In the context of the current refugee crisis, and the Government’s continuing commitment to a net migration target it simply can’t hit without severely damaging the economy, Labour’s voice on immigration will be important. In 2015 Labour’s message was very much focused on the exploitation of migrants in the workplace and the consequences for all workers as a result. It talked about properly enforcing the minimum wage and preventing undercutting of wages. But the party and its candidates were, and still are, much less confident when trying to address the more important drivers of public concern, such as cultural questions of identity and integration.

With Corbyn’s appointment of Andy Burnham as Shadow Home Secretary there will immediately be the potential for some friction over this issue. During the leadership campaign, Burnham made it clear that Corbyn’s view of the world was “very North London” and that voters across whole swathes of the country did have legitimate anxieties about the scale and pace of change brought by historically high levels of migration. It is clear that Labour needs more to say to engage with the voters it lost to the Conservatives and UKIP in May but also to those who are still with the party but are hanging on by a thread.

The problem with the “Controls on Immigration” message – and the accompanying mug – was that it just didn’t sound Labour. “Controlling Immigration Fairly” would have been a more authentic message for the party. Labour will need to find language that reflects its values but which also acknowledges people’s worries about the impacts of immigration on their local areas and the need to address them. It needs to find a confident and authentic voice. So while it is likely to continue with the “fairness in the workplace” response, it also needs to stop running away from the issues of cultural identity and change. Too often Labour voices sound as if they hope to change the subject, back to jobs or housing, whenever issues of immigration, identity or Europe come up.

Essentially Labour needs to be clear that in engaging the “anxious middle” – the 50% of the electorate who are neither ‘pro’ nor ‘anti’ immigration but a bit of both – they are not compromising any of their core principles. Instead they are simply taking people’s concerns seriously and not dismissing them.
It needs to acknowledge that while immigration brings benefits to Britain it also creates pressures on public services, and translate this into something more than a technocratic answer about, for example, local school places (important though that is). Public anxiety is equally rooted in softer questions of culture, identity and belonging – so Labour needs to understand that the answer isn’t always another hard policy proposal.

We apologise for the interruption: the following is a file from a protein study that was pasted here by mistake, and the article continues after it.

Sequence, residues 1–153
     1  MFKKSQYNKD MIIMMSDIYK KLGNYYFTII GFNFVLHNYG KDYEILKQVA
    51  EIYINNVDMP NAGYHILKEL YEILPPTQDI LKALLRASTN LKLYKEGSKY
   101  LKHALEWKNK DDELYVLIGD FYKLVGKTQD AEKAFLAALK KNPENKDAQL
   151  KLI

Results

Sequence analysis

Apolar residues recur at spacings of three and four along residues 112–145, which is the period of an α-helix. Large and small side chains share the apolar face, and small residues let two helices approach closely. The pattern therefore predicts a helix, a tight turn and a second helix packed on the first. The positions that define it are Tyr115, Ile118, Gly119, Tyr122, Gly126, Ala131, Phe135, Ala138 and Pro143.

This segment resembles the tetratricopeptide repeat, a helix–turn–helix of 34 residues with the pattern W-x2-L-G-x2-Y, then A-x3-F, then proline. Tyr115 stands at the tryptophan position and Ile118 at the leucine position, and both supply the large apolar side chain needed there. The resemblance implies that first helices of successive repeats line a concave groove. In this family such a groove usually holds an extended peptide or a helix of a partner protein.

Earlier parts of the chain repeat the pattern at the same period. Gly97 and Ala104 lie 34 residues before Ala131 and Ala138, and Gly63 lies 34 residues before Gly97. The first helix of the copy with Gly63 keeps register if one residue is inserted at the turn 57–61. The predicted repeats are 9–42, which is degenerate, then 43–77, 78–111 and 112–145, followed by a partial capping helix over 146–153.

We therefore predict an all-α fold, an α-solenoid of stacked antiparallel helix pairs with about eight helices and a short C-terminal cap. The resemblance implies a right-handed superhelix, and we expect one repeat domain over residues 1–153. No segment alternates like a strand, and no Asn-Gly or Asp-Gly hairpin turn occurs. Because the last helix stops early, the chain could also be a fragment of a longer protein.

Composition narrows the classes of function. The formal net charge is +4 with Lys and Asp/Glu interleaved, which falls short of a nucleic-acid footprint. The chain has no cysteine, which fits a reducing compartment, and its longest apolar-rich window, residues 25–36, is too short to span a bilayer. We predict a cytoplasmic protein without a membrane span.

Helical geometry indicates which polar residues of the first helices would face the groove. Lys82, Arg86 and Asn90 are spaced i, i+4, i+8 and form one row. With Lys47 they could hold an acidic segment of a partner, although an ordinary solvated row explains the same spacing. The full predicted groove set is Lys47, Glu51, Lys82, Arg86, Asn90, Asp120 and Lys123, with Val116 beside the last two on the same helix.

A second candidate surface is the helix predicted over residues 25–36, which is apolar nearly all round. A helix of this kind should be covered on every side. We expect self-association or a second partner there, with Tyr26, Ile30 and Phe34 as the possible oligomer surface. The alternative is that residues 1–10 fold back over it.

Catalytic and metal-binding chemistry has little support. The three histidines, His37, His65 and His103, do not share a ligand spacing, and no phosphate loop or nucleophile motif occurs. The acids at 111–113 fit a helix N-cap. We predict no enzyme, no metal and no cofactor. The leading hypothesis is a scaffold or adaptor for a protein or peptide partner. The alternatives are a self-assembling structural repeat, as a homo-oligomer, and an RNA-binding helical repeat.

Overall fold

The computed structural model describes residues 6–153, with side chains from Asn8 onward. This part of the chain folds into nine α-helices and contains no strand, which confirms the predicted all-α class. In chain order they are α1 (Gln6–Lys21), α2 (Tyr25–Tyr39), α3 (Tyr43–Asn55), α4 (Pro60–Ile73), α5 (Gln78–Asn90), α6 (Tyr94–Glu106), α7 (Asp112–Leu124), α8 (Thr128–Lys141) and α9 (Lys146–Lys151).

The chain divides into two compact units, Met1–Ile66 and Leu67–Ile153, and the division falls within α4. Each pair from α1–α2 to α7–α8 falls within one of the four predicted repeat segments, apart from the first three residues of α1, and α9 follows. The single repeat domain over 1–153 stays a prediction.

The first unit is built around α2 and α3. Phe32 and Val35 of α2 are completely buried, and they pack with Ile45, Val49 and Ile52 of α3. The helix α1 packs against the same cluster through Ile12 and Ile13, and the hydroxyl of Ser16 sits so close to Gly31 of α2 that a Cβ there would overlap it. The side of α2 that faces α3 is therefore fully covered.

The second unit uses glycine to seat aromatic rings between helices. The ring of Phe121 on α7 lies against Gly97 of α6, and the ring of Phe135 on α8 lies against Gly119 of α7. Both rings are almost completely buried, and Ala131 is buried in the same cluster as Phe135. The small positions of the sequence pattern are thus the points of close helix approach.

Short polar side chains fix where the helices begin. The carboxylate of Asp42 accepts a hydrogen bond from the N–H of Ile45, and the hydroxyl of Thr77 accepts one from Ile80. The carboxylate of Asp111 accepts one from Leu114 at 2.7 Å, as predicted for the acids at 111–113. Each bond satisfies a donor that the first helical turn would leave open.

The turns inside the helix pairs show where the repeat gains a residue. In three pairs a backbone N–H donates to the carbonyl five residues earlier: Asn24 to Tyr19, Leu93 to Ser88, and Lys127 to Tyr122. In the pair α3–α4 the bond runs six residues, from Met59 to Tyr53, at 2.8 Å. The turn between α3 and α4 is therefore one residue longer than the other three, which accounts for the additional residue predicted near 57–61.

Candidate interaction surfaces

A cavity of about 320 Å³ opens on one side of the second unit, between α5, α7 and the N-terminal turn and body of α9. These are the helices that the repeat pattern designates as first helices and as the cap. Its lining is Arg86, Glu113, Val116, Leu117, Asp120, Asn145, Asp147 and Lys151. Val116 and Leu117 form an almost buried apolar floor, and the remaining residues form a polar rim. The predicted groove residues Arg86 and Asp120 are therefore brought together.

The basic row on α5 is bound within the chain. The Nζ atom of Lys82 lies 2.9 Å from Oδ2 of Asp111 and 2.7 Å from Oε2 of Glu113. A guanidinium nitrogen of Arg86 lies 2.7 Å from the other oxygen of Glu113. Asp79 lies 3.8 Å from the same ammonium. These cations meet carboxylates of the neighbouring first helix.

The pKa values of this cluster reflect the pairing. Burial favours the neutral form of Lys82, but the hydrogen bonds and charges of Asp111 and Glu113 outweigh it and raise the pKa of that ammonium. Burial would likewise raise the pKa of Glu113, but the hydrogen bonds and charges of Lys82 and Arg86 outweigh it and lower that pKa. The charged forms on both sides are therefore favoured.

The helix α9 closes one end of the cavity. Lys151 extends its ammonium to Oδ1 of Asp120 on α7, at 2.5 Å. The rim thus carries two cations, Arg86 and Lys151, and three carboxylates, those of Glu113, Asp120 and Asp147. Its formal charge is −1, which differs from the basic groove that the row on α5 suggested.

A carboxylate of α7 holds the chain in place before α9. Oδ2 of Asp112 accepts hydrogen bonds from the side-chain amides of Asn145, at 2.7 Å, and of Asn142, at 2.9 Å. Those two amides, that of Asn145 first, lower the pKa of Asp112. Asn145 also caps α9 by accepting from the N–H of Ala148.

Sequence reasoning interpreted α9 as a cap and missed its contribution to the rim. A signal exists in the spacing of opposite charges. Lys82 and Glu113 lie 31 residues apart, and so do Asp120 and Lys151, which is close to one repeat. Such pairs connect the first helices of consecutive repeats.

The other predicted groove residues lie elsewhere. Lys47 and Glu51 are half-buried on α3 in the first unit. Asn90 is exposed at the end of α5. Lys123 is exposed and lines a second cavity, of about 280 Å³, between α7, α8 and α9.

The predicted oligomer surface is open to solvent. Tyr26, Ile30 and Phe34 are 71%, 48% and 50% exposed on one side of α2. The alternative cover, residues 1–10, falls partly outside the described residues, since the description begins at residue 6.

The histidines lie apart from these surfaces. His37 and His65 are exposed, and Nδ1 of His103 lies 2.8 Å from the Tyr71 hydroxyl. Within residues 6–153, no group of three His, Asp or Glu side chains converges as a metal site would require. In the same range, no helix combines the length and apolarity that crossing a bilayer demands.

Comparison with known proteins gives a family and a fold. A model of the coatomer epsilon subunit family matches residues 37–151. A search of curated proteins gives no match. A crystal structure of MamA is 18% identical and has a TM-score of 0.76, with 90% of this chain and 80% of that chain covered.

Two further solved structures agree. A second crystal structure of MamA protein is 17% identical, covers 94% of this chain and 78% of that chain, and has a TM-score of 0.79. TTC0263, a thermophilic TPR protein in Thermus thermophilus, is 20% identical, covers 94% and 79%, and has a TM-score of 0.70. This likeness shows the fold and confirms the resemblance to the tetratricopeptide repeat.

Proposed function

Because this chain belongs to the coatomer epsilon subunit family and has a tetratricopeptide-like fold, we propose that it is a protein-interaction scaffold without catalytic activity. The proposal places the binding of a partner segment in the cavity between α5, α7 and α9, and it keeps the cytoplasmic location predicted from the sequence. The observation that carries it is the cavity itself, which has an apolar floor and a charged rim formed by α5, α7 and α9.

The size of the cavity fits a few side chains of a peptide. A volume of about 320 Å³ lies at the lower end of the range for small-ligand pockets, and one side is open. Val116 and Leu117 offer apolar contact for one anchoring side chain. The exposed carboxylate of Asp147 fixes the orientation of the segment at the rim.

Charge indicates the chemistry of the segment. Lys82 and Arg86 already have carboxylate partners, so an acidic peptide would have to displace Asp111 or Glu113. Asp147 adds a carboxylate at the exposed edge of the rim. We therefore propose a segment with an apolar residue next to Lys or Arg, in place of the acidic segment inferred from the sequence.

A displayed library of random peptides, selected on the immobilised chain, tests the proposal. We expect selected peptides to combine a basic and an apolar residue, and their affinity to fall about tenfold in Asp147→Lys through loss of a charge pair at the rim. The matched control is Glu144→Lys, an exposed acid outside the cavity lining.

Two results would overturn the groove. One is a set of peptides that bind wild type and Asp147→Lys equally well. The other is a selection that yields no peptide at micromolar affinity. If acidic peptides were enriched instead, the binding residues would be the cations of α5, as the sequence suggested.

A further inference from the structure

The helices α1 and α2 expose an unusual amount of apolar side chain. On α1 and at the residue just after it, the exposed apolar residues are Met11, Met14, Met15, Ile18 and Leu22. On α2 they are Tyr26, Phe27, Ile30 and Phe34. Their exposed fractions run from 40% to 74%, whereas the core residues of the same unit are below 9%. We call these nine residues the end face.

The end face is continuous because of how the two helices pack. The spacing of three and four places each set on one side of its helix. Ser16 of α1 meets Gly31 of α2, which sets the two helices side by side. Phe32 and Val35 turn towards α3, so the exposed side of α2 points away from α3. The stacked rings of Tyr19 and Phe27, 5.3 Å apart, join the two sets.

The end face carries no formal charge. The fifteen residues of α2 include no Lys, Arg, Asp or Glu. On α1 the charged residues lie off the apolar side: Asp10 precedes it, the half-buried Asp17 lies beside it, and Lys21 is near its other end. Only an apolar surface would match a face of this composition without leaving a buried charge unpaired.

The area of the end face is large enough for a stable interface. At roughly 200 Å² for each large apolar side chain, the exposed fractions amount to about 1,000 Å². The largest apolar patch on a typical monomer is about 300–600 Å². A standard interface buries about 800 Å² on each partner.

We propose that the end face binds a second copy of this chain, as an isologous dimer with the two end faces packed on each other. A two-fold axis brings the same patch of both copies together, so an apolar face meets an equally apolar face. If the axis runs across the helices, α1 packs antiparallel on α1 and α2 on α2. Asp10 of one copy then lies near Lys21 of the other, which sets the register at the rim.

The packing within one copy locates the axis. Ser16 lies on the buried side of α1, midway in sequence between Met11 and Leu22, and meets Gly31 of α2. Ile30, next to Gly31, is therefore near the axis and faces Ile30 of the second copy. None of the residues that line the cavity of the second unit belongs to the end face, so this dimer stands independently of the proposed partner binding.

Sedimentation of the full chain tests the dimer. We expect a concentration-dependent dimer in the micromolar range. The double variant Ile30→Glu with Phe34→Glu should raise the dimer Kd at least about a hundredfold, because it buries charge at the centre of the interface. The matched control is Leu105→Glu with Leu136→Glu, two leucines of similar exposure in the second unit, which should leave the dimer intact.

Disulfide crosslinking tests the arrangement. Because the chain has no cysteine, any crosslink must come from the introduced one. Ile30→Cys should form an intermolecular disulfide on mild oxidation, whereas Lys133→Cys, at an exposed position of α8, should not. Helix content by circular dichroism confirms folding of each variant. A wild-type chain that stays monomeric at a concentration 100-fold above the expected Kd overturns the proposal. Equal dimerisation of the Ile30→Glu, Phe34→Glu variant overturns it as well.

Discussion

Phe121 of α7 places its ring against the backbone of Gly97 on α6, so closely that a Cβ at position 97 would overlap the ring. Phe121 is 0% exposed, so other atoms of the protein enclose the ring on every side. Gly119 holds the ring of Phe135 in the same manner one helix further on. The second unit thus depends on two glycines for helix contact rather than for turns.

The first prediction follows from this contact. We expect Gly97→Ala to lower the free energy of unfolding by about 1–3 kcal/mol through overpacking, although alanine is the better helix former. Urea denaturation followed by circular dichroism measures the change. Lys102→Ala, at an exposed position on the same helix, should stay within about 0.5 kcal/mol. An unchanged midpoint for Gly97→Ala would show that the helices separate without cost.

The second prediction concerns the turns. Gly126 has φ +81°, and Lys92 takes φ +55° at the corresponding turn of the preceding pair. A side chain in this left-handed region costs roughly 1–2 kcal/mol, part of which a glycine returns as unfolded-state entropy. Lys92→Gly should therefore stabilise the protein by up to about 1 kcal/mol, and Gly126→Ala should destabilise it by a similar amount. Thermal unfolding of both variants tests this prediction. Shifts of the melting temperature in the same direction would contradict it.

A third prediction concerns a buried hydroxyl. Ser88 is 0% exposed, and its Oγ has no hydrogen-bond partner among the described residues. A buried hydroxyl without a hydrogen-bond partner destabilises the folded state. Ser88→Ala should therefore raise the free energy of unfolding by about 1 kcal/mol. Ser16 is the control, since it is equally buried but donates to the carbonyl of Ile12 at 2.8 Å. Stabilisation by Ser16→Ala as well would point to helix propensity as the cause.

Labour also needs to learn from the current Government’s immigration troubles. It will find it hard to convince people that it can bring the numbers down drastically. So it shouldn’t repeat the error of making unrealistic promises that can’t be kept. It should, however, work hard on finding ways to manage immigration pressures fairly.

The party should also have a lot more to say on the vitally important topic of integration. Ensuring and encouraging people who do come here to become “one of us” – learning English, becoming part of the community, working hard and paying taxes – could form part of a positive vision for modern Britain that is rooted in Labour values: a Britishness based on fairness, hard work, support for the NHS and on the equality of opportunity that  comes with access to English language learning.

We will see how Labour begins to tackle this challenge at conference this week and in the months and years ahead. As much as Mr Corbyn may like to think that this is an issue he can just ignore – because his economic, housing and welfare policies will solve the immigration “problem” – it is clear that this is not going away.

If he does engage with the issue it will be fascinating to see what he says and does. But if he fails to, at some point the voters may remind him that immigration is an area of public policy that they think and worry about – and that they wonder why the Labour Party has nothing to say about it.

Matthew Rhodes is speaking at What should Labour say about immigration? on Tuesday 29 September 6.30pm – 8.00pm at St Paul’s Church, West St, Brighton, together with Lord Maurice Glasman, Dawn Butler MP and Kirsty McNeill of Save the Children.